Here, then, is the natural tendency of the natural heart—a tendency in direct opposition to Christianity. But, though thus opposed to the Gospel, it is not necessarily eradicated from the heart of every professing Christian; and, hence, it has produced within the Church a new mode of Christianized hero-worship, in which the martyrs have taken the hero’s honours, and the Virgin is crowned with the crown of Cybele. There was nothing wonderful in this. They witnessed the martyrs’ faith, and met for sacramental communion around the martyrs’ tombs; they knew their souls yet lived, and they knew not but what they might be even present. What, then, could be more natural than that the waiting heart should begin to adore them? It was not addressing a Pagan god, but a Christian saint, and the very prayer was an acknowledgment of all the great principles of Christianity. But when once that prayer was uttered, the Rubicon was crossed, and the principle of saint-worship established in the Church. Hence you find the guardian saints and angels of the Church of Rome filling exactly the same office as the tutelary deities of the Heathen. And, as we have just remarked the identity of Pagan and Roman image-worship as illustrated by the alteration of the image, so there is another curious fact which exhibits the similar correspondence between the hero-worship of the ancients and the saint-worship of modern Rome. When the Emperor Phocas issued his celebrated edict in recognition of the supremacy of the See of Rome, he made a present to the Pope of the ancient temple named Pantheon. Now this temple was originally dedicated to Cybele, and all the Pagan gods, and when it fell into the possession of the Pope, he made as slight a change as possible, for he just turned it over to the Virgin Mary and all the saints. The principle was left untouched, though the objects of the idolatry were changed.
But there is a yet further principle involved in this saint and virgin worship; for the human heart requires tenderness and sympathy, so that we can never breathe out our secret burden to one who has no fellow-feeling with our trouble. We want the sympathy of a common nature, if not the tenderness of a woman’s heart. Hence in Heathen systems you constantly find a Heathen goddess to whom pertains especially the office of patronage and mercy. Even Simon Magus had his Helena in his system of Gnosticism; and the poor Buddhist, while he looks with awe to his three Buddhas, has his Kwan-yin, or Goddess of Mercy, to whom he may appeal in trouble. Yes! the human heart needs tenderness, and if there is any one aspect in the Gospel more glorious than another, it is the rich provision made for this very want. There never was a scheme so wonderful, or a Saviour so perfect as that presented in the Gospel. Glorious in his divinity, he sways heaven’s mighty sceptre, while, perfect in his humanity, he can be tenderly touched with the faintest cry of human grief. He governs angels, and weeps with men. But the natural man is a stranger to this sympathy; yet he longs for it and feels the need of it. He is exposed to the shocks and buffetings of this rough world, and his bleeding heart needs a friend who himself has bled. If he has not Christ, therefore, he naturally craves a substitute; something which may give him the sense of sympathy amongst the unseen powers. And this desire has gradually run into saint and virgin worship. It has taken hold of the hero-worship of the Heathen, and given it a Christian character by transferring it to the Virgin and the saints. It does not do away with Christ, but provides a system of intermediate mediation which commends itself to the aching heart by the assurance of a woman’s love and a fellow-sufferer’s compassion. Hence, if any particular saint was subject during life to any especial trial, he is supposed to take a peculiar interest in those who labour under similar affliction. Nor can you read much of the adoration paid by Rome to the Virgin without perceiving that she is the Kwan-yin, the Goddess of Mercy, in the Romish system. There is a halo of awe thrown around the brow of the Redeemer, while the Virgin is described in the attitude of tenderness, “the comforter of the afflicted,” “the refuge of the sinner,” and the ready listener to the sufferer’s cry. We will adduce one instance in illustration, as given by Mr. Tyler in his valuable little work “What is Romanism?” The worship of the Virgin is especially celebrated in Romish countries during the month of May, and there is a collection of religious poems used in the churches of Paris on these occasions. One of these is as follows:—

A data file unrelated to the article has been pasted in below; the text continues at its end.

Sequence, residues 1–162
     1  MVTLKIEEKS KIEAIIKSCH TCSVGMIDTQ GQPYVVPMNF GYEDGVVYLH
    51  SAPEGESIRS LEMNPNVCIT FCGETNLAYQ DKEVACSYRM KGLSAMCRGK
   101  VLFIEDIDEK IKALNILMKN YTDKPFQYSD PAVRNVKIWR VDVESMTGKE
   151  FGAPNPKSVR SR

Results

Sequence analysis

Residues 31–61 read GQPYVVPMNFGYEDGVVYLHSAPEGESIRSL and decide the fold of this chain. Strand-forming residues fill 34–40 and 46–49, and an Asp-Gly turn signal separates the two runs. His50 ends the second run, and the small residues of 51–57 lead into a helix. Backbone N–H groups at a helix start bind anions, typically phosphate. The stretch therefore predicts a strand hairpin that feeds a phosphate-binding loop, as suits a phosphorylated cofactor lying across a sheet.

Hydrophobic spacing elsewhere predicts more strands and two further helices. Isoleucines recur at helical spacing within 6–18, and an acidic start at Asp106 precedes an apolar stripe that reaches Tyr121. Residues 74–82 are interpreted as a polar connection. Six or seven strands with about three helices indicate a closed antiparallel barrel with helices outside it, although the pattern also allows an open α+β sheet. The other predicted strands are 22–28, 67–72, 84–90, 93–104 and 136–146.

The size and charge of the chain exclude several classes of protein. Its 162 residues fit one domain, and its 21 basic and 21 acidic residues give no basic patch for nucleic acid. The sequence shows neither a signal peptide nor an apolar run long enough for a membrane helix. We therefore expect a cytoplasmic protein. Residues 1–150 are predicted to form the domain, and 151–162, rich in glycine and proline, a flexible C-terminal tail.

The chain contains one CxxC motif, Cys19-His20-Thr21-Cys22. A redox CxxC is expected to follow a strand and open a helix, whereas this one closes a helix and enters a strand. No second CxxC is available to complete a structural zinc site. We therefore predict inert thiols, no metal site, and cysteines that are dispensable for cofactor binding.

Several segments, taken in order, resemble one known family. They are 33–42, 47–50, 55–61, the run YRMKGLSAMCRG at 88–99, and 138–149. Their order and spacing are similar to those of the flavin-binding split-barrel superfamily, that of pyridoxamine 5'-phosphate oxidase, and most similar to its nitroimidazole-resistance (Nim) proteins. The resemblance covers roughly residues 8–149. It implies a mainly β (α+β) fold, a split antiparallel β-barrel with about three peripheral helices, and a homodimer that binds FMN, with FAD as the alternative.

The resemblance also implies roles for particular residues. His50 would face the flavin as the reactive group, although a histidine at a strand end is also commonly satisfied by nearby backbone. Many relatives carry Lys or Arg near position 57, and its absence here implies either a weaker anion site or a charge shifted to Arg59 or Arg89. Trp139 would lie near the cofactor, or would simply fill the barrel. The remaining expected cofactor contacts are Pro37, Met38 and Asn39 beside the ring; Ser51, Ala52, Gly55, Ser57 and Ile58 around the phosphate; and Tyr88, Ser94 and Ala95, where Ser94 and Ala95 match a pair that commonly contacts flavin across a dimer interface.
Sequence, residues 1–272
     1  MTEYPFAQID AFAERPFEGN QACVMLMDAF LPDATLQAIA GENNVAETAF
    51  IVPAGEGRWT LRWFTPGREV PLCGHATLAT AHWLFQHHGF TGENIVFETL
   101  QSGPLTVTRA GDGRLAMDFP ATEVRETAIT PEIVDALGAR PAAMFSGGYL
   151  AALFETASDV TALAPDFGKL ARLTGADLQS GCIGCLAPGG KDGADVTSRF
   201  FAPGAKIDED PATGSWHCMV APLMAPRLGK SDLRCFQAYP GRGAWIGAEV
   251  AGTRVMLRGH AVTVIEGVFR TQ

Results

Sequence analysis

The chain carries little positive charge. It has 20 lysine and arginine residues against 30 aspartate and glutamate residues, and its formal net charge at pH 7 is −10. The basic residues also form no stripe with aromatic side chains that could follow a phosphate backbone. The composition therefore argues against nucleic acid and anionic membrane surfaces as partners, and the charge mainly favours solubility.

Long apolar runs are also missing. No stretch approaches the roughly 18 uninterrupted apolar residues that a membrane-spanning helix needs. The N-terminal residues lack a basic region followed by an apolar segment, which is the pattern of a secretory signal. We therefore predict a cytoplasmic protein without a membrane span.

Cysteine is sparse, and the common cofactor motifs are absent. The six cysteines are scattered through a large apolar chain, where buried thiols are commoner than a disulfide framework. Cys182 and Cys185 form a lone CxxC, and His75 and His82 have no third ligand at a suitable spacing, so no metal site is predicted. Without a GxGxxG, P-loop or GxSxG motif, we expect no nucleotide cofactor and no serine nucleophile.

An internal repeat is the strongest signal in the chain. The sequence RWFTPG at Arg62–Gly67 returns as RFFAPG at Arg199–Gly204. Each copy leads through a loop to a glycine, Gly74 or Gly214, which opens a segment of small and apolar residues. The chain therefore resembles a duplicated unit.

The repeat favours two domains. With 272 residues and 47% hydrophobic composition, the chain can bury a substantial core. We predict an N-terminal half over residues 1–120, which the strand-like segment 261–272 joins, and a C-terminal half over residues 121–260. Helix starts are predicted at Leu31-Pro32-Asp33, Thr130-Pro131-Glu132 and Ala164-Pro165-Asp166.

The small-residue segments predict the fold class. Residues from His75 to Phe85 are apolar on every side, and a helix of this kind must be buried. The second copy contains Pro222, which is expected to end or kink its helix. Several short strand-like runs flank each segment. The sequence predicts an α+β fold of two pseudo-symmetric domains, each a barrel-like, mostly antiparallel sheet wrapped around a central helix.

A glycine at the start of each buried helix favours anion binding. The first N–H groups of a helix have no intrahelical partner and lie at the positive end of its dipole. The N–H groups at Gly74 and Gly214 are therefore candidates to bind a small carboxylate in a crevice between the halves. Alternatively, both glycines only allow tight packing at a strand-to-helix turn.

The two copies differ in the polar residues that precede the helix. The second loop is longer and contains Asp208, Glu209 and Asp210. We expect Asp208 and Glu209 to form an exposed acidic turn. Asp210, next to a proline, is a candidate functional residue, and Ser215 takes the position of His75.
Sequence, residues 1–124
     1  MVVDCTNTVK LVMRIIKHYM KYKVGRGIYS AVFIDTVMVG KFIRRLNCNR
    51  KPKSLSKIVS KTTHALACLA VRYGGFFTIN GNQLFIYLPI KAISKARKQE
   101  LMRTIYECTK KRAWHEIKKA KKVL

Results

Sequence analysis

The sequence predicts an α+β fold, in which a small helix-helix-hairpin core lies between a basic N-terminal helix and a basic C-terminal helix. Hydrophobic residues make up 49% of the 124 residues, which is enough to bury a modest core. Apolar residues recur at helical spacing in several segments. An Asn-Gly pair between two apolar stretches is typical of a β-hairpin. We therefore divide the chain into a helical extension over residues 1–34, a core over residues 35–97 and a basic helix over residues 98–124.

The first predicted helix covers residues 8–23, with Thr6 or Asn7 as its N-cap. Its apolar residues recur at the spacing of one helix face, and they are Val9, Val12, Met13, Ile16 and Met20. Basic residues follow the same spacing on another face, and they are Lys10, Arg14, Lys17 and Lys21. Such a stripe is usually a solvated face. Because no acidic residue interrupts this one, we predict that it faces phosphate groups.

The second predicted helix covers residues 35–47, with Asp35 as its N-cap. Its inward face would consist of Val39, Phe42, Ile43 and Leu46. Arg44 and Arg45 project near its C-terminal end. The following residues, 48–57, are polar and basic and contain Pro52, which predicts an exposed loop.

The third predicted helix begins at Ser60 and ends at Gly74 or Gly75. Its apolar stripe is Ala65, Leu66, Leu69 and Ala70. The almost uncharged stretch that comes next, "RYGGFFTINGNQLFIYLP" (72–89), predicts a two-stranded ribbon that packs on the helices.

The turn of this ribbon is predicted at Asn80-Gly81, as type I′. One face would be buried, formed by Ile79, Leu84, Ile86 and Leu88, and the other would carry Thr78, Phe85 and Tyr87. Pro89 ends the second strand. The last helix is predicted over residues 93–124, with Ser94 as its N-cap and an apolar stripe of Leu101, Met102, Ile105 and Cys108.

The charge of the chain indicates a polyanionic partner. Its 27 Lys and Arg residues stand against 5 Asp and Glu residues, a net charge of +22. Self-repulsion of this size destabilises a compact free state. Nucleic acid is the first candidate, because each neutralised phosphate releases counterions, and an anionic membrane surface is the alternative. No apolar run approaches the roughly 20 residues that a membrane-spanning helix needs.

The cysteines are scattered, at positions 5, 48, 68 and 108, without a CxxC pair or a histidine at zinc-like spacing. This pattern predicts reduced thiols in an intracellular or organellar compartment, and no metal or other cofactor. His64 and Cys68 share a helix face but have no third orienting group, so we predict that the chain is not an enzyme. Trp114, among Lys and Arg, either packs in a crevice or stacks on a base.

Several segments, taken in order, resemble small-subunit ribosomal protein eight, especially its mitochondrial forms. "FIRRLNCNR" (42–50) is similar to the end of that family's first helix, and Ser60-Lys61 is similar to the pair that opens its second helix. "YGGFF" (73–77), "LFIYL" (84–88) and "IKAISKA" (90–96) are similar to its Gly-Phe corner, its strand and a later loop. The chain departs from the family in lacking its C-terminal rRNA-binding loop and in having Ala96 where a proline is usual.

“Vouchsafe, Mary, on this day to hear our sighs and second our desires. Vouchsafe, Mary, on this day to receive our incense, our love: Of thy heavenly husband calm the rage. Let him shew himself kind to all those that are thine! Of thy heavenly husband calm the rage: Let his heart be softened towards us.”
Here God is presented in the attitude of terror, while the female advocate is the sole depository of grace; and the whole springs from the natural heart, which, under the sense of sin, feels a dread of God; and longing for sympathy, appeals to a woman’s love.
Source: POPERY THE ACCOMMODATION OF CHRISTIANITY TO THE NATURAL HEART at https://www.gutenberg.org/files/42280/42280-h/42280-h.htm, p. 9-13